In a new study, Nikola-Michael Prpic et al. have identified the driving force behind the evolution of a leg novelty first found in spiders: knees.  

With eight hairy legs and seven joints on each---that's a lot of joints for a spider to coordinate in order to take even a single step. To find some answers, Prpic's research team honed in on a gene called dachshund (dac). The gene was first discovered in fruit flies, and the discoverers named the missing leg segments and shortened legs that result from dac mutant flies after the short-legged dog breed of the same name.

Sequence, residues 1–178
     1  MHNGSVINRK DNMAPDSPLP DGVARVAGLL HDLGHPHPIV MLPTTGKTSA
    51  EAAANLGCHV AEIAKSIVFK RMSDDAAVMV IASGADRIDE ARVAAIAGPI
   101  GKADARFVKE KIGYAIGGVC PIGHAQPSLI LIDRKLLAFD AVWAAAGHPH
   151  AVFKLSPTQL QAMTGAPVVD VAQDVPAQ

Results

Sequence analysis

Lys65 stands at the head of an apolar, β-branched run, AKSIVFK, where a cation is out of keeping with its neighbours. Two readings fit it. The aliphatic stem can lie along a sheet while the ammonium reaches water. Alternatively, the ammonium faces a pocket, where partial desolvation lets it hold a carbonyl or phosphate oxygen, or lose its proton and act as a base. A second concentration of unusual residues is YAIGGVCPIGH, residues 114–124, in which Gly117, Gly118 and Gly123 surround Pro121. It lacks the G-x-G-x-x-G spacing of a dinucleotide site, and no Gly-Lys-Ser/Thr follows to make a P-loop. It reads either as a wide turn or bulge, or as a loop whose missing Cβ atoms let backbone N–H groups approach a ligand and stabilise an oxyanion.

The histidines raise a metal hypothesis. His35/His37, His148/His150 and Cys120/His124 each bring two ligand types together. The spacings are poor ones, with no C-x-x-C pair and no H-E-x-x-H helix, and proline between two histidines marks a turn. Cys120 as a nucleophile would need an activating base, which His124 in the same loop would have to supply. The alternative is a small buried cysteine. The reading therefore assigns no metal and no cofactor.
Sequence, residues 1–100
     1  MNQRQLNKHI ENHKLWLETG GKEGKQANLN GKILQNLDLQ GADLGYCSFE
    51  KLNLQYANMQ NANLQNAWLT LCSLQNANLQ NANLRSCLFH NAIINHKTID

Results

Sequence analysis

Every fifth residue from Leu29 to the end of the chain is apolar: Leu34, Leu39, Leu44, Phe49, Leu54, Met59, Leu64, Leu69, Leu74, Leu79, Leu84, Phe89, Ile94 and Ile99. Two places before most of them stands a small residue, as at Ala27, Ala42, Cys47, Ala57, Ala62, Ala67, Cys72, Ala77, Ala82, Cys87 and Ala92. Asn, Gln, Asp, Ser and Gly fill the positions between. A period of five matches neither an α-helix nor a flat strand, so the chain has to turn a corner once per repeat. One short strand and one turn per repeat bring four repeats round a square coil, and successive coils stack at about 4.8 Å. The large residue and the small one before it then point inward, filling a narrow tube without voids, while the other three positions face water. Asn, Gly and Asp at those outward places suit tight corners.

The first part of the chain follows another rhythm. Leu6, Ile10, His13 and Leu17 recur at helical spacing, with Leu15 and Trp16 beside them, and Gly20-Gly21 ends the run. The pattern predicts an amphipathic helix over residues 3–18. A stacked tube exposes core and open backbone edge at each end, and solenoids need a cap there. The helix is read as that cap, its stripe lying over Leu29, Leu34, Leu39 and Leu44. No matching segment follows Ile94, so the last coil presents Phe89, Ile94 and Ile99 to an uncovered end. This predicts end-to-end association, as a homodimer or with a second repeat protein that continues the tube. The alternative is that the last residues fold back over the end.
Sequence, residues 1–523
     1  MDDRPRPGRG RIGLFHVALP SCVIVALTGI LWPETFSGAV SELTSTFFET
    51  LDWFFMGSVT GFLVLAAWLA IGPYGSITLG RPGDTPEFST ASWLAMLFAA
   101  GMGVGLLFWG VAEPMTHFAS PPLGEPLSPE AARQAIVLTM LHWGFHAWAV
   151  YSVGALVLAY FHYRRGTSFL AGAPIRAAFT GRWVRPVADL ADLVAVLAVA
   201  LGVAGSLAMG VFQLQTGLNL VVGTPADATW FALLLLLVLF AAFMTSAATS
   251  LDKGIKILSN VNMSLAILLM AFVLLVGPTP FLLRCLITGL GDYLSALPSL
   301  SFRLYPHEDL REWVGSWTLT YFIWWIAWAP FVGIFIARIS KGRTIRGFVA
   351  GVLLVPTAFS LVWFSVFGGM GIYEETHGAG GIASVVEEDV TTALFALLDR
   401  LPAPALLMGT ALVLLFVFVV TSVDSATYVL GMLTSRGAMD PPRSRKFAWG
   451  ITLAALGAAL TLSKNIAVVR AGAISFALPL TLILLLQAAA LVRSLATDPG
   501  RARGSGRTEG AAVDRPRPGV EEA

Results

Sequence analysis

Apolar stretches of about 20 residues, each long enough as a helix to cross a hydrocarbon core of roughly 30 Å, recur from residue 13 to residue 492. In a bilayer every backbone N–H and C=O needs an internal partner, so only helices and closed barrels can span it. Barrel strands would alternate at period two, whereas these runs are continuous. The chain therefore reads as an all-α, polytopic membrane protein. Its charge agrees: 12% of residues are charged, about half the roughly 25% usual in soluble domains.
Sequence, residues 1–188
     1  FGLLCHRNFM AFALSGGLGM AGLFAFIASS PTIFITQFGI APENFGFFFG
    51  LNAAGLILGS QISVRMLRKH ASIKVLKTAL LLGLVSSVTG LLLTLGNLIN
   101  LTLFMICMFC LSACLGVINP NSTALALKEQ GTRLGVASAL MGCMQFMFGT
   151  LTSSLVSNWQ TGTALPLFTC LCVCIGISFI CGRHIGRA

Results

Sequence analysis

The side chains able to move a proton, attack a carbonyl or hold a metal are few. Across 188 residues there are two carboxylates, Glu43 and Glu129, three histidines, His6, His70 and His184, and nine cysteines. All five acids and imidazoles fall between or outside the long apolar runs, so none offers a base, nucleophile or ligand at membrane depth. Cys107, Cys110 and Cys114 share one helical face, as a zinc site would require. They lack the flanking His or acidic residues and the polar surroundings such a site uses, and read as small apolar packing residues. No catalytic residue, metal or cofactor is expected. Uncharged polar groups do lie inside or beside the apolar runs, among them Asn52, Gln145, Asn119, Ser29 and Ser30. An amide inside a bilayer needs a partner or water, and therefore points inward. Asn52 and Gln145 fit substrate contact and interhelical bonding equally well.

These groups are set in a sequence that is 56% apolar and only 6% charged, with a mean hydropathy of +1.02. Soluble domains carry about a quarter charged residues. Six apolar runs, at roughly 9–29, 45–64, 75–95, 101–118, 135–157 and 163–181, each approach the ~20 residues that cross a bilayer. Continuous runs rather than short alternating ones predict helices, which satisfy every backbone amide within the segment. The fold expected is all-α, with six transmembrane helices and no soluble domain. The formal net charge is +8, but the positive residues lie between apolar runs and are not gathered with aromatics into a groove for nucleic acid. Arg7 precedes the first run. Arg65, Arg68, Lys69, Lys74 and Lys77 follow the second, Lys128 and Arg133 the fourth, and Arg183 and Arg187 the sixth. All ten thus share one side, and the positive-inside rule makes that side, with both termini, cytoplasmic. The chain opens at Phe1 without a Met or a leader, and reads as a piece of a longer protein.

What is intriguing is that arachnids are different than flies and other arthropods, possessing a second dac gene. And the dac2 gene is made only in the kneecap, or patella, during spider development. 


On the left is a spider embryo expressing the "old " dac gene (dac1) and, on the right, another spider embryo expressing the "new " dac gene (dac2). Courtesy of: Nikola-Michael PrpicGöttinger Zentrum für Molekulare Biowissenschaften,Universität Göttingen, Germany

"Species constantly adapt and evolve by inventing new body features," said Prpic. "Our work shows how a gene can be duplicated and then used during evolution to invent a new morphological feature."

 Published in Molecular Biology and Evolution